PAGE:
In addition to losing child support money, Mead lost out on tax credits and money through TANF. Those benefits were rejected because of her income—-income from child support she never received because the State kept it.
“I can’t be the only one who seems blown away by this,” Mead said. “There’s probably people out there who are not amicable with their exes and don’t talk and just think that their exes are not paying child support.”
Boraie reiterated via email that because Mead receives other financial help, the State is well within its right to keep child support payments and says this information is relayed to parents when they apply for assistance. However, the State could not provide us with any documentation to back up this claim.
Turner also filed an open records request to find out where his missing child support payments were deposited. He also asked for a copy of any contract or agreement showing that the State is entitled to keep child support when payments are made late.
Turner’s request was denied. CDHS said the information Turner requested is “confidential” and “not publicly disclosable.”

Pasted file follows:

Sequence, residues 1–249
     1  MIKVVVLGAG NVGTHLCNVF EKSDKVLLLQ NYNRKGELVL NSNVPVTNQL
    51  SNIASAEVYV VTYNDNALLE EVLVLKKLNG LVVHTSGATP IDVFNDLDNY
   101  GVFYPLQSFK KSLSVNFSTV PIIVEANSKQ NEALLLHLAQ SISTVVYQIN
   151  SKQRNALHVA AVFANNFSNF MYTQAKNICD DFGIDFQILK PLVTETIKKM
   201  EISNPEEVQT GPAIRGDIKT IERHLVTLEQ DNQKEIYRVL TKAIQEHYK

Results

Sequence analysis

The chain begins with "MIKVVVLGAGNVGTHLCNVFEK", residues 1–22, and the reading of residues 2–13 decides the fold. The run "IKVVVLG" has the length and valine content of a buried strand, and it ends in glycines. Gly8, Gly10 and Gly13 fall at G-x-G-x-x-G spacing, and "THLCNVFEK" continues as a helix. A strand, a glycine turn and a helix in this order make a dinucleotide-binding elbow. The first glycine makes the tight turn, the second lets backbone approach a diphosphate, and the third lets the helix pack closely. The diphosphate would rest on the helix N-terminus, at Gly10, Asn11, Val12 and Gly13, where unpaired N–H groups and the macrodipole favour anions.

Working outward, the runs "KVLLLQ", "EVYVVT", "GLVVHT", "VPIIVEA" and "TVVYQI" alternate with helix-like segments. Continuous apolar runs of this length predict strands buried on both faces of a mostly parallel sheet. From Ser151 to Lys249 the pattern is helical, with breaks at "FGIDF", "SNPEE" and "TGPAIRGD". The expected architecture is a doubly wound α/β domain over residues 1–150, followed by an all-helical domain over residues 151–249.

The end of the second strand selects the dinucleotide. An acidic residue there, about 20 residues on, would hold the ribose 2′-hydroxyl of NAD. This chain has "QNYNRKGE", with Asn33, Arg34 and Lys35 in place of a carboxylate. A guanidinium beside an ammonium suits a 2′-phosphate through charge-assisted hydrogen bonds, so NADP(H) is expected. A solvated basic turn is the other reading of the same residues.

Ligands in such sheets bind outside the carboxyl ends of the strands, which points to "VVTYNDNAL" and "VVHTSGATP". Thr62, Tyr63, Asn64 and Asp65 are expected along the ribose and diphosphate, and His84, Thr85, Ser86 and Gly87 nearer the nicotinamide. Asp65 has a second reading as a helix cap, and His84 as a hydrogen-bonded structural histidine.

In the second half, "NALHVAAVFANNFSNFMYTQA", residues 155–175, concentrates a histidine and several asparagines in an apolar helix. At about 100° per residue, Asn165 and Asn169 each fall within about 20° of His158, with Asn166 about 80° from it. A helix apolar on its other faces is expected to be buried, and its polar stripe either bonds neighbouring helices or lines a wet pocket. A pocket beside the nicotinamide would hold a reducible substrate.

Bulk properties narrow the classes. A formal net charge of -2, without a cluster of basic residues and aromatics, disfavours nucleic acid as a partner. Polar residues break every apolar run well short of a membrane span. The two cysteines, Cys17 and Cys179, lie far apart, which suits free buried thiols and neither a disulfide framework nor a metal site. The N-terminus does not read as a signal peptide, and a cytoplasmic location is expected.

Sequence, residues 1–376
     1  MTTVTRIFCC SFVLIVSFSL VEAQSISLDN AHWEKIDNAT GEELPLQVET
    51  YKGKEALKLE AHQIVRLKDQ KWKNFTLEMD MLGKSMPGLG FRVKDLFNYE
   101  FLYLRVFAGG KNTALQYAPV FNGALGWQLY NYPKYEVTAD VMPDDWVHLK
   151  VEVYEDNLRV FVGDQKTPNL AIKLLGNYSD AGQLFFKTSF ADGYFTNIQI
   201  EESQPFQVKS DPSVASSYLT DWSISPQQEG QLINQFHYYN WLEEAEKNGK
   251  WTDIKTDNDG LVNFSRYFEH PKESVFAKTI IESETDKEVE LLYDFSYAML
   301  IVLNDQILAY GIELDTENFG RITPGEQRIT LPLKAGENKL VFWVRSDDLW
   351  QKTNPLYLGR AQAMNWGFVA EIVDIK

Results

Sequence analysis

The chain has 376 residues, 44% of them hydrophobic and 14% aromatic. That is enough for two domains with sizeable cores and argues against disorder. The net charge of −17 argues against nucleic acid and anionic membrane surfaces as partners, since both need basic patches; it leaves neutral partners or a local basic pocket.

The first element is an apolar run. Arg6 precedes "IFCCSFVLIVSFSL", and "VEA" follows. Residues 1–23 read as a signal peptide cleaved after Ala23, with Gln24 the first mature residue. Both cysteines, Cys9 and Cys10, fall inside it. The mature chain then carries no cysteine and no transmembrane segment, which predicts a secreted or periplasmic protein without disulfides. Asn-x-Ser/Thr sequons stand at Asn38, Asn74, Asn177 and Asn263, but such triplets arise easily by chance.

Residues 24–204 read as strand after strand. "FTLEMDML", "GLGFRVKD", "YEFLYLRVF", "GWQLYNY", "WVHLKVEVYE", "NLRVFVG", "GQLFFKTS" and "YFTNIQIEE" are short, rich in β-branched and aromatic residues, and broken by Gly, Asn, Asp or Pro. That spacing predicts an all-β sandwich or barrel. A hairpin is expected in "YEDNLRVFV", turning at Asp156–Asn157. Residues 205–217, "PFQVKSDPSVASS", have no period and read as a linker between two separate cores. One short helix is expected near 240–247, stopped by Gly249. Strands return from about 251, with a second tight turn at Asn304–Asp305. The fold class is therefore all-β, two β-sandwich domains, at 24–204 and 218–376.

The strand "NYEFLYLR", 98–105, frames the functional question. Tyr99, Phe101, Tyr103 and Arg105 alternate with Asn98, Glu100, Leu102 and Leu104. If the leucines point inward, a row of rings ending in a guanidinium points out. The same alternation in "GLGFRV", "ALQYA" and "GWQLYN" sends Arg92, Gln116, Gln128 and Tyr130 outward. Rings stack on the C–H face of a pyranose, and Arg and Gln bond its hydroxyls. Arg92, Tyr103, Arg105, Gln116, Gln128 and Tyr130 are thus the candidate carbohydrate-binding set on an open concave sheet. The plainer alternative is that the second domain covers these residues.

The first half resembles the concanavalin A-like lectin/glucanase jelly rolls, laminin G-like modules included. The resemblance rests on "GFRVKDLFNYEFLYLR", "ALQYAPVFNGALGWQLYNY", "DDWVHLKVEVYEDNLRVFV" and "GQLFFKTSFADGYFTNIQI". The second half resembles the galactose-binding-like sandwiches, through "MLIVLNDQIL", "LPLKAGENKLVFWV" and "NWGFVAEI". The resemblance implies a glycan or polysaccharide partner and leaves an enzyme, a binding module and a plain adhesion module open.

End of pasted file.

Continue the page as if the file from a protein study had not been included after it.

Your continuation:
It is unclear at this point in time how much money from child support payments CDHS has collected and where exactly that money is being distributed.
News 5 Investigates will continue asking questions and we will update this story as new information becomes available.
News 5 sent an initial inquiry to CDHS about Turner’s case on Oct. 23, 2017.
After several emails and phone conversations, News 5 requested an on-camera interview Nov. 14 to discuss the forfeiture of child support assets and how that money is being spent.
News 5 was advised that no one was available to talk with us.
CDHS sent us this statement which you can read in its entirety.
Frequently asked questions:
Q: If I don’t receive any other financial assistance, am I entitled to collect past-due child support?
Q: If I receive financial aid in addition to child support, am I entitled to collect both?
A: Yes. However, you will only receive child support payments that are made on-time. If the other party pays late or over-pays the following month, the State collects that money.
Q: Is the state legally allowed to keep money I send through the child support system?
A: If you pay late and the custodial parent receives any other form of assistance, CDHS says federal guidelines allow them to keep the funds.
Q: Instead of keeping my entire child support payment, why can’t the State charge me interest or a late fee?
A: Good question. Unfortunately, state and federal laws would have to change to allow this.
Q: Why didn’t we hear from the CDHS on-camera about the child support system?
A: While we always ask for the opportunity to sit down and talk on camera about a problem or issue, we cannot force an agency to talk to us. In lieu of an on-camera interview, CDHS wanted to send a statement . Unfortunately, statements don’t always answer every question that would have been asked during a formal interview.